© 2021 MICHIGAN RADIO
91.7 Ann Arbor/Detroit 104.1 Grand Rapids 91.3 Port Huron 89.7 Lansing 91.1 Flint
Play Live Radio
Next Up:
0:00
0:00
Available On Air Stations
Criminal Justice & Legal System

CAIR-MI sues MDOC in federal court over hijab photo policy

Women's prison
Michigan Department of Corrections
/

The Michigan chapter of the Council on American-Islamic Relations (CAIR-MI), a Muslim civil rights and advocacy organization, filed a lawsuit Monday against the Michigan Department of Corrections (MDOC) in the U.S. District Court for the Eastern District of Michigan.

The lawsuit was brought on behalf of Muslim and Moorish Science women who are being housed primarily at the MDOC's Women's Huron Valley Correctional Facility in Pittsfield Township.

According to the complaint, the MDOC has a policy that forces female inmates to remove their religious head scarves, known as hijabs, to have an ID photo taken.The MDOC then places the photo on the women's identification cards which the women are requird to present to male and female guards and staff. 

The complaint also claims that the MDOC keeps the photos in a permanent public database and posts them on an MDOC website where members of the public can see them.

The lawsuit alleges that the MDOC's photo policy violates the sincerely held religious belief of female inmates of Muslim and Moorish faith that they must cover in front of men they're not closely related to.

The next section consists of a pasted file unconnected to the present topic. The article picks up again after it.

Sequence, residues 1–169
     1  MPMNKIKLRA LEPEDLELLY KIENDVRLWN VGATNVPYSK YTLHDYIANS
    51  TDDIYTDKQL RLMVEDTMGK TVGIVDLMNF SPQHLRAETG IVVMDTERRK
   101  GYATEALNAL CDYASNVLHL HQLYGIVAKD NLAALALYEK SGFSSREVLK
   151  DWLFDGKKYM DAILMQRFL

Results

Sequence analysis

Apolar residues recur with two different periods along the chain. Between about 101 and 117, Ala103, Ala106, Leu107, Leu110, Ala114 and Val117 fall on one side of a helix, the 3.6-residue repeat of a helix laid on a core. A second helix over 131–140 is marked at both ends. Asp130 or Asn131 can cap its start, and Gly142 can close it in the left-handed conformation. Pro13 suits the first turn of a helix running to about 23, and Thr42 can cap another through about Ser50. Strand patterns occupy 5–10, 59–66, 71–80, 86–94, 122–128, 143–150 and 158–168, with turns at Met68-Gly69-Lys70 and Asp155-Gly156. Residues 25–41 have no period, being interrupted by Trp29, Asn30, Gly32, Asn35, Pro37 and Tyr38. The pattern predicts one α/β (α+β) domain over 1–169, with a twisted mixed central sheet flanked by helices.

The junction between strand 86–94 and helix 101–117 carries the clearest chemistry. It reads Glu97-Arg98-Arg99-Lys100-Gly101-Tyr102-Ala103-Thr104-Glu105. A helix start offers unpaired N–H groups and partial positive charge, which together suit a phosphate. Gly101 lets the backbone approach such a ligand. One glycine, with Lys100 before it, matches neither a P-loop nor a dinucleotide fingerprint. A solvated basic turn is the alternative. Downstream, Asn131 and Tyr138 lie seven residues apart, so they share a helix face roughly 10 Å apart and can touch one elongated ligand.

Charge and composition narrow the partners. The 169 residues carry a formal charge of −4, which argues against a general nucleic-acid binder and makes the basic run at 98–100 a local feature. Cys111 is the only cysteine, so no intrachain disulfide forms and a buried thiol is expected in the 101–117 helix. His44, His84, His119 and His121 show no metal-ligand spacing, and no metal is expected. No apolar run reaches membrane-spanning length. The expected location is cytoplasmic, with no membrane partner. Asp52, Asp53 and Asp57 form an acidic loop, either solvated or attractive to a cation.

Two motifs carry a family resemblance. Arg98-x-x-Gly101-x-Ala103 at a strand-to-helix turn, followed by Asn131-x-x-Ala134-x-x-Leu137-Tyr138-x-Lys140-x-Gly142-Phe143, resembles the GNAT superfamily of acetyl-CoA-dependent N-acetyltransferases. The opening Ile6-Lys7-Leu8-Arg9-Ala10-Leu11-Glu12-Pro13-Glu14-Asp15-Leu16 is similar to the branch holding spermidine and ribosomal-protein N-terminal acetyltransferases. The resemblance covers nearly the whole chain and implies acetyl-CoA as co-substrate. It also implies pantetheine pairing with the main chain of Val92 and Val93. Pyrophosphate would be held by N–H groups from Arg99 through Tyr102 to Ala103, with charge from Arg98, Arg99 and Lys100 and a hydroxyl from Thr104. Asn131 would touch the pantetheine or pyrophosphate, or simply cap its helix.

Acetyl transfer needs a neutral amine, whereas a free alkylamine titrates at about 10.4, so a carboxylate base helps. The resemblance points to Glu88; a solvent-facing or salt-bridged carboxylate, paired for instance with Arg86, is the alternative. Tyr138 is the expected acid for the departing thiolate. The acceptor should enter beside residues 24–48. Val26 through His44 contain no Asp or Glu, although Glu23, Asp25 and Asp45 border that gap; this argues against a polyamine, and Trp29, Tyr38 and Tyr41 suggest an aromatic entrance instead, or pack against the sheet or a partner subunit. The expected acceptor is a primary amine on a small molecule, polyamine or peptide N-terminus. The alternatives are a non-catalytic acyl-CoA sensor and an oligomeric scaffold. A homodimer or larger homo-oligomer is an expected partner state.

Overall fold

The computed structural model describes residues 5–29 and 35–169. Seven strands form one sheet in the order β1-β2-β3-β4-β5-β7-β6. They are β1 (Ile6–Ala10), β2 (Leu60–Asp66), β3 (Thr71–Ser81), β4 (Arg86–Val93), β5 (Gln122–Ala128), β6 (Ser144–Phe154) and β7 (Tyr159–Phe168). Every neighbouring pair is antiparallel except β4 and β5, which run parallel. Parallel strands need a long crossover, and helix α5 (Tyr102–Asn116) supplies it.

It alleges that the MDOC has violated the women's rights under the Free Exercise Clause of the First Amendment of the U.S. Constitution, under the Michigan Constitution and under the federal Religious Land Use and Institutionalized Persons Act.

The lawsuit seeks declaratory relief, a permanent injuction against the MDOC's photograph policy, money damages, and class certification.

"There's a lot of people who really believe that once you're incarcerated, you lose all of your constitutional rights, and that's just inaccurate," said Amy Doukoure, staff attorney for CAIR-MI, "The ability to practice your sincerely held religious belief without government interference is intact even for incarcerated persons."

Doukoure said CAIR-MI is involved in the litigation "because we want to make sure the religious liberty of everybody is protected because if we allow the erosion of liberties for one group based on their status, it inherently will trickle down and begin to erode the rights of all of us."

Doukoure said CAIR-MI has reached out repeatedly to MDOC officials since spring of 2017 when the organization began to receive complaints about the photograph policy from women housed at Huron Valley Correctional Facility. She said the MDOC has been unwilling to engage in any discussions with CAIR-MI about the policy.

A spokesperson for the MDOC said it does not comment on pending litigation.

Related Content